That gunner, of course, is sharpshooting superstar forward Kevin Durant, who tacked another chapter onto his fast-growing legend:
Is that exclusive company? Pretty sure that’s exclusive company.
KD's feat becomes even more impressive when you consider the season Jordan had back in 1986-87. To wit: 37.1 points per game on 48.2 percent shooting, all while hitting a paltry 18.2 percent of his three-point attempts, per Basketball-Reference.com.
We’re hoping KD enjoys this one as long as he can, because he’s not liable to catch the No. 1 guy on that list—Wilt Chamberlain, who recorded 25 or more in 106 straight games back in the early 1960s—anytime soon.
We’d ask you to wrap your head around that, but you’d most definitely run out of head.
Despite the loss, KD could clearly take brief solace in his own incredible feat, right? Right?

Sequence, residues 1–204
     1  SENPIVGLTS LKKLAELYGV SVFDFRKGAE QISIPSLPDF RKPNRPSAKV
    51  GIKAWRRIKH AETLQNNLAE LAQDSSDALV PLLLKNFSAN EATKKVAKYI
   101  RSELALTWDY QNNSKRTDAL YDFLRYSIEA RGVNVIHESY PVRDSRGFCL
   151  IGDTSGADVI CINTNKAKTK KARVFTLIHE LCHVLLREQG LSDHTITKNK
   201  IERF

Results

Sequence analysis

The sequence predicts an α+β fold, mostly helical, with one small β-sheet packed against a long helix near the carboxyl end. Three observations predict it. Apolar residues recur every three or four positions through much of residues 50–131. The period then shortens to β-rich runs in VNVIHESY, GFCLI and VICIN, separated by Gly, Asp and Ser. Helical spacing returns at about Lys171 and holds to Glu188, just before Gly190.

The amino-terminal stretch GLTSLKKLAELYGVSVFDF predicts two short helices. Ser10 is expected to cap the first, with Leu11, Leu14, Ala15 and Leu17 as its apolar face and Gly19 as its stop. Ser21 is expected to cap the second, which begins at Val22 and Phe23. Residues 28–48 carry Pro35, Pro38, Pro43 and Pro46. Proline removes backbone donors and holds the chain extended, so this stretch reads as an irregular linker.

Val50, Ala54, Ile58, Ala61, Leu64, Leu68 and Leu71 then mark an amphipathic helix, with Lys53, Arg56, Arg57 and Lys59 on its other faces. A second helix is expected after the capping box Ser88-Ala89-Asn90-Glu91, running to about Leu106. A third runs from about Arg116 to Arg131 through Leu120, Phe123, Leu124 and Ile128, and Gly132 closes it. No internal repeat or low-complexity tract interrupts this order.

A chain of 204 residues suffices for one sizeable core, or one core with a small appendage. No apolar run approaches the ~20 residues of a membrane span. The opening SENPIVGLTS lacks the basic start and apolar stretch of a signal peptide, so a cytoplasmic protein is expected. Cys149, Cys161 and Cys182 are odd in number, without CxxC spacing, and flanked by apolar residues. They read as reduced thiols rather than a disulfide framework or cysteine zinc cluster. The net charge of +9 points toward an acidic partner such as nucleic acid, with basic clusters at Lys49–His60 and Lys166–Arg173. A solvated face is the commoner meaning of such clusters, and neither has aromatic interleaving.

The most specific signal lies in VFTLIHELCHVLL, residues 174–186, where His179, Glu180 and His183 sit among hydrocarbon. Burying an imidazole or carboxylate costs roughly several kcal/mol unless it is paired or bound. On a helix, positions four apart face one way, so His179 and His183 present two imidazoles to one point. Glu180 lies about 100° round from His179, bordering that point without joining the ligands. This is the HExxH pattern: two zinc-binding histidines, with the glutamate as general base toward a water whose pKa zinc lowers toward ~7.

You wish it was over? OK, well, uh, we don't.
We'll let Durant lick his wounds and regather his perspective. Because you know a guy is really good when Jordan himself—a guy who’d have a hard time heaping praise on Gandhi—makes a point to skirt this age’s classic GOAT argument and posit you instead, as MJ did in an interview with Ahmad Rashad. You as in Kevin Durant. Not me. Or you. Either of those would be silly.
His Airness has spoken, y’all.
With only six games left to play, it’ll be interesting to see how concerned KD is with extending the streak to 47. Doing so means he'd surpass Oscar Robertson, who had 46 straight games with 25 or more points back in the 1963-64 season.
Even if KD decides to sit a game or two, that presumably won’t affect the record, meaning he might well begin next season with fresh legs, raring to push as far toward Wilt as possible.
That would mean doing it for another 60 games, of course.
So, I suppose the moral of this story is Wilt Chamberlain was an alien.